A couple of things happened recently bringing home something that I’ve found increasingly important: technology decisions are social.
The other day in conversation about team structures the Guardian’s lead software architect, Mat Wall, mentioned that architecture is social. This is a good, and often disregarded, observation. In that context he meant that architectural decisions influence who works with who, what issues they need to sort out together, how they regard their work, and so on. Three examples…
The Guardian has an API that allows access to its content. That means that when developing an iPhone application the iOS team can work much more closely together, requiring less information about the guts of the back-end, and become more focused on the user experience.
Consider also the team embracing Scala. Our platform lead Graham Tackley has gone on record to say that one consequence of this is that it has “reinvigorated the team”. That’s not the only reason to take up a technology, but it is a significant consideration.
Third, I’ll relate the story of one of our recent projects. The team devised four candidate architectures and needed to choose between them. The first decision was to make the call in conjunction with the business owner. The second decision was for them to ask not “which architecture do you prefer?” but rather “what do you want your business to look like?” Because each architecture had a different impact on the end users inside and outside the company: certain things would be difficult, others would be easy, etc.
Social decisions in algorithms
And it’s not just about architecture and software design. It’s true also of the more abstract matter of algorithms, as seen by a couple of examples from the masters (or should that be “slaves”?) of the algorithm: Google.
The most recent example concerns Google+. Rocky Agrawal wrote:
I finally blocked Robert Scoble in Google+. I have absolutely nothing against Scoble. I quite admire him, actually. He’s a great asset to the startup scene and he works damn hard. I’ve met him a few times and I’m sure we’ll meet again. But he was just getting to be way too much.
My Google+ feed was dominated by him. I tried to take a half-step and just remove Scoble from my circles. But then he became Google’s perpetual #1 suggestion for a new friend.
Google have created an algorithm which provides recommendations, and of course highly-referenced people will be recommended more than others. But Robert Scoble’s star power is clearly so significant it’s ended up disrupting Rocky’s experience, and getting in the way of him using the service effectively. Clearly the algorithm needs to be tweaked for the optimum user experience, and how that is done is entirely at the discretion of Google engineers. They could cap the influence of exceptional stars like Scoble if they wanted. They have choices, and ultimately those choices are based on social, human instincts.
The second Google example comes from the spat earlier this year between the Google search team and Bing. Google noticed that Bing was copying some of its search results; they demonstrated this by deliberately generating irrelevant Google search results for particular nonsense queries, and then observing that the same results appeared in Bing for the same queries; Microsoft said, sure, “We use multiple signals and approaches”, including observing what search results people click on, even if those clicks happen to be by Google engineeers conducting a sting operation; Google cried foul; the world moved on.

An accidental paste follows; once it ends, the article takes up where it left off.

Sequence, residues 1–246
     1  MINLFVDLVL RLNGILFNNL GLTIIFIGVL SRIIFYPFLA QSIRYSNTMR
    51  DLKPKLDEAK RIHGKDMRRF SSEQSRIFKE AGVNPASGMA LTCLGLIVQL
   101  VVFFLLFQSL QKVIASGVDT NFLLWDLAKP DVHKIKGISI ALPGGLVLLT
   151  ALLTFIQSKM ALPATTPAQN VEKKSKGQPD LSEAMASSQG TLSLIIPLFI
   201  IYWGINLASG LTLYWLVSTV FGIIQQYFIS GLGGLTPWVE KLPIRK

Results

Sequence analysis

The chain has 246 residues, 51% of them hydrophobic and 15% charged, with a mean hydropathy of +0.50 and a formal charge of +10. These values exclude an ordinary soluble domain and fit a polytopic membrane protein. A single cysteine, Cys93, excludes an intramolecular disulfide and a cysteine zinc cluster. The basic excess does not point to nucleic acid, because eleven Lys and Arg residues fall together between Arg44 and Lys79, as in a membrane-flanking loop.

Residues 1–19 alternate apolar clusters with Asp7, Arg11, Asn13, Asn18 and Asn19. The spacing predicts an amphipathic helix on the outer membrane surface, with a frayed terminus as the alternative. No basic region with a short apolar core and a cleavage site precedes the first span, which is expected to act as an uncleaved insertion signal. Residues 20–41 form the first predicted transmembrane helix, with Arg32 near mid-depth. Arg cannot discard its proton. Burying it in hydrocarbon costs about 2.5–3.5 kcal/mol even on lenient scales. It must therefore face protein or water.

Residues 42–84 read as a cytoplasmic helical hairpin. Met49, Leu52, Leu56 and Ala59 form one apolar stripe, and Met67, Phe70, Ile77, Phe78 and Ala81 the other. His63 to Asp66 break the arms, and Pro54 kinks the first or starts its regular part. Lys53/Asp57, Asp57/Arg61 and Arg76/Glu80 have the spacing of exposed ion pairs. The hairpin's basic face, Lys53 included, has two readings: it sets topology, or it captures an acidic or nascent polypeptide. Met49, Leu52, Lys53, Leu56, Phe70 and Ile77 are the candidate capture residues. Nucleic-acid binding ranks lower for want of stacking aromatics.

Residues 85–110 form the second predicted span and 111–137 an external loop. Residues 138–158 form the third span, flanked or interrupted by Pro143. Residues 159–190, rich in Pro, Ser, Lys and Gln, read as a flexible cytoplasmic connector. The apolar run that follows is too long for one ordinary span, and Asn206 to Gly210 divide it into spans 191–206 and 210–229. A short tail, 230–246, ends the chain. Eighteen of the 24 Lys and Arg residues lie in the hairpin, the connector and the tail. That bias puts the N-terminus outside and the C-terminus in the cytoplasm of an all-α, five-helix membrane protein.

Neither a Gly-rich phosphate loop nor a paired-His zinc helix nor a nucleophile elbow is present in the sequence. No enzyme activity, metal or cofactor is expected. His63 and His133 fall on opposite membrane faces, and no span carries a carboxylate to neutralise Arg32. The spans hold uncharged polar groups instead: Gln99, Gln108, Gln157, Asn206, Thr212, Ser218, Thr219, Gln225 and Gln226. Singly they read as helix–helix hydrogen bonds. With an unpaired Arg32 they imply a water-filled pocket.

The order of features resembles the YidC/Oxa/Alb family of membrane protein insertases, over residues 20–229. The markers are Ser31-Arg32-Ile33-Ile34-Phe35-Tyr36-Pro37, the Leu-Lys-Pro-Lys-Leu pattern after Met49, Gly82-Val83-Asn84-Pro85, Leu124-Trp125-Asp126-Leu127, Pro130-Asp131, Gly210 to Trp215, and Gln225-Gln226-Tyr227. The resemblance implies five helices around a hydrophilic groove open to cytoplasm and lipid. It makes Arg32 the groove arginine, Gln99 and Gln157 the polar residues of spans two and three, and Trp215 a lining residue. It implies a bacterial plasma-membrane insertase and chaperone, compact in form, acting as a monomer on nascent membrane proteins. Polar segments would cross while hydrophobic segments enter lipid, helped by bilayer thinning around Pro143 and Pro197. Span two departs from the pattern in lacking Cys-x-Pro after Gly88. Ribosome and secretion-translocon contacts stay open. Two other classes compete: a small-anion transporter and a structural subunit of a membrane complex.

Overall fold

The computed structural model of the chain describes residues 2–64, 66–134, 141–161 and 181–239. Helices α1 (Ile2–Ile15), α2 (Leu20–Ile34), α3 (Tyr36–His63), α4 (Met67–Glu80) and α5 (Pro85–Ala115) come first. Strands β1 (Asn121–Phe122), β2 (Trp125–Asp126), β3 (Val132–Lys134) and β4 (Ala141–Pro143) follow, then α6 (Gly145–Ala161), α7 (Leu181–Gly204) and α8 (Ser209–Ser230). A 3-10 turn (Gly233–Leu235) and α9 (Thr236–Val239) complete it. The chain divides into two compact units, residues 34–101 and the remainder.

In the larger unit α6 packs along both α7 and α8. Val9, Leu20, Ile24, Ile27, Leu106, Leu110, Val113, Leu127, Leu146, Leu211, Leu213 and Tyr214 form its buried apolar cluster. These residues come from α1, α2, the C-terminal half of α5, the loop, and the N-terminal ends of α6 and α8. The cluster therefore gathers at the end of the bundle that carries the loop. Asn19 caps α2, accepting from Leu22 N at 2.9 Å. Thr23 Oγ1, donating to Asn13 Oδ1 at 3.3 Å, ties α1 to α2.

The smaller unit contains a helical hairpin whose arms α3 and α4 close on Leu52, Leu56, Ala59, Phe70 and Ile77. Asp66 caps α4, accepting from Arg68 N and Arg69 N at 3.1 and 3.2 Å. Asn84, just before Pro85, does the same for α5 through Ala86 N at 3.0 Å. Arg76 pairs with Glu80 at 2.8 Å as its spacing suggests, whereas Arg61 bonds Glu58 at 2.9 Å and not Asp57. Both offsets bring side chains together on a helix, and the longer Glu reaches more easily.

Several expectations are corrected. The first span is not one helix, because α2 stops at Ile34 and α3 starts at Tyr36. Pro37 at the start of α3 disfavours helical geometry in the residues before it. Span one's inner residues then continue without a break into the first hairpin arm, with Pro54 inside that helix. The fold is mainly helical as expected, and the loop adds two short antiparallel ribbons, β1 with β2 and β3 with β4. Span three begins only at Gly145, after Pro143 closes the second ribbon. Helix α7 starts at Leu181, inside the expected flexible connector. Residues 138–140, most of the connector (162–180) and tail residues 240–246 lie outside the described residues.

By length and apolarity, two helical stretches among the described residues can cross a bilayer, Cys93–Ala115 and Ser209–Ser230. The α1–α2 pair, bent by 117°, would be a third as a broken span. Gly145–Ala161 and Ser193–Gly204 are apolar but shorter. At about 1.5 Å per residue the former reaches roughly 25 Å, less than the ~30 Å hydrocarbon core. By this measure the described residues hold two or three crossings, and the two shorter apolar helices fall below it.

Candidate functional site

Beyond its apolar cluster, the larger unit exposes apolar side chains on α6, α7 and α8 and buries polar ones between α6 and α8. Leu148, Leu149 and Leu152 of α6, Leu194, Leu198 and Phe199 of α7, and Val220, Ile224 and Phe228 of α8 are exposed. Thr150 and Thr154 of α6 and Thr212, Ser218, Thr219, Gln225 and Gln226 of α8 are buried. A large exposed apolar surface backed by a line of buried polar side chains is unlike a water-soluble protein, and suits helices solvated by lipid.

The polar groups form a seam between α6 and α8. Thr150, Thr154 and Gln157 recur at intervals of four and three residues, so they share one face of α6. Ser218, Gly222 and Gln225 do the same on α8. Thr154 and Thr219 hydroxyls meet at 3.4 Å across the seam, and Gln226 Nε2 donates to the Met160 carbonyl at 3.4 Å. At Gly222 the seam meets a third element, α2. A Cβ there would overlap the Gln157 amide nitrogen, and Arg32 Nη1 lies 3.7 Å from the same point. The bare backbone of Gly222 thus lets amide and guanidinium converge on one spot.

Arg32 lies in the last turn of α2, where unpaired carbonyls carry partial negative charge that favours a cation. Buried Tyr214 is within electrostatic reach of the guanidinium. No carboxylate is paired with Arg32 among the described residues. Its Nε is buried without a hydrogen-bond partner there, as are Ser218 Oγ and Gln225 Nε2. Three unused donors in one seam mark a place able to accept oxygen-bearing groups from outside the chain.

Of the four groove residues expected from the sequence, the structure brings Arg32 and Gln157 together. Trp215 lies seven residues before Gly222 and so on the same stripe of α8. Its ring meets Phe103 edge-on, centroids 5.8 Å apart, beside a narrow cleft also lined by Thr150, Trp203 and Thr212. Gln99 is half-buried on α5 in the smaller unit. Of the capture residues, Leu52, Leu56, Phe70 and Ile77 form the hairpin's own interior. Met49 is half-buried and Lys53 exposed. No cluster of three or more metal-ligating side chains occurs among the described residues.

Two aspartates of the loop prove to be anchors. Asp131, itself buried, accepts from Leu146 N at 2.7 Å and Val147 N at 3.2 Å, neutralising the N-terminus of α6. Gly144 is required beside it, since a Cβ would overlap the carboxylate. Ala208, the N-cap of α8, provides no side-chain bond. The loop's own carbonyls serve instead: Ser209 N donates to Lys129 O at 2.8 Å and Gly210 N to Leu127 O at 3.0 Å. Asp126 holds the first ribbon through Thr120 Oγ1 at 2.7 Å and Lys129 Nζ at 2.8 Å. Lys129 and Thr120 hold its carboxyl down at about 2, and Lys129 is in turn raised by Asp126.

What was happening was that the Bing toolbar was tracking search results that the user clicked on. If a user had the Bing toolbar installed, did a Google search, and clicked on a link, then the toolbar would send a message back to Bing HQ saying “Hey, someone thought this link was good for this query” and Bing would consider that next time it needed to respond to the same query.
I found the whole episode quite amusing and slightly baffling, most notably these rather indignant words on the Official Google Blog:
At Google we strongly believe in innovation and are proud of our search quality. We’ve invested thousands of person-years into developing our search algorithms because we want our users to get the right answer every time they search, and that’s not easy. We look forward to competing with genuinely new search algorithms out there—algorithms built on core innovation, and not on recycled search results from a competitor.
To be fair, I think that post was written before Google knew exactly how Bing was doing its job, but even so, they jumped to conclusions. My personal reading of the above is that “pure” algorithms using only digital, abstract data are good and acceptable, while algorithms that use human data and feedback from a wide variety of sources are cheating and bad.
Unfortunately that’s just wrong. Google may like to say they don’t editorialise and their search results are purely machine-generated. But what they choose to feed into their algorithm, and how they weight those things, is an entirely human affair influenced by very human traits: culture, prejudice, politics and more. That’s not a critique of Google or its staff; it’s a critique of human beings.
Jonathan Stray has made this point, too. He said “It’s impossible to build a computer system that helps people find or filter information without at some point making editorial judgements.” And he quoted Matt Cutts of Google: “In some sense when people come to Google, that’s exactly what they’re asking for — our editorial judgment. They’re expressed via algorithms.”
So however “pure” we think a technical decision might be, ultimately it’s not. Whether it’s software architecture, algorithms, or something else, it’s all influenced by and influences our social world.